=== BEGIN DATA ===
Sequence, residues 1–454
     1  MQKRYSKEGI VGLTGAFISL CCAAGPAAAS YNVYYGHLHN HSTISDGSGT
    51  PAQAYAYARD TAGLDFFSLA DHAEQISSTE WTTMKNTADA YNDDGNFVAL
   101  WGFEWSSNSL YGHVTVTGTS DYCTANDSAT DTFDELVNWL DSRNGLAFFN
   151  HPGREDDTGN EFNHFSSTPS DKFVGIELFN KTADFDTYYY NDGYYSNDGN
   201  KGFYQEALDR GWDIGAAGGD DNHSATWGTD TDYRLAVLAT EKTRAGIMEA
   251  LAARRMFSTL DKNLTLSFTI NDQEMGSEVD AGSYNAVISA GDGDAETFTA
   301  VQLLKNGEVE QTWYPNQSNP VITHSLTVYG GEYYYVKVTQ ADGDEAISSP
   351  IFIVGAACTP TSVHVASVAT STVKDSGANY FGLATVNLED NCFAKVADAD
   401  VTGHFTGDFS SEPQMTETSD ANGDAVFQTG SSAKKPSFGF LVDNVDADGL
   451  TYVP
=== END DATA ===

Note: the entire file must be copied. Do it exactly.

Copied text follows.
Sequence, residues 1–454
     1  MQKRYSKEGI VGLTGAFISL CCAAGPAAAS YNVYYGHLHN HSTISDGSGT
    51  PAQAYAYARD TAGLDFFSLA DHAEQISSTE WTTMKNTADA YNDDGNFVAL
   101  WGFEWSSNSL YGHVTVTGTS DYCTANDSAT DTFDELVNWL DSRNGLAFFN
   151  HPGREDDTGN EFNHFSSTPS DKFVGIELFN KTADFDTYYY NDGYYSNDGN
   201  KGFYQEALDR GWDIGAAGGD DNHSATWGTD TDYRLAVLAT EKTRAGIMEA
   251  LAARRMFSTL DKNLTLSFTI NDQEMGSEVD AGSYNAVISA GDGDAETFTA
   301  VQLLKNGEVE QTWYPNQSNP VITHSLTVYG GEYYYVKVTQ ADGDEAISSP
   351  IFIVGAACTP TSVHVASVAT STVKDSGANY FGLATVNLED NCFAKVADAD
   401  VTGHFTGDFS SEPQMTETSD ANGDAVFQTG SSAKKPSFGF LVDNVDADGL
   451  TYVP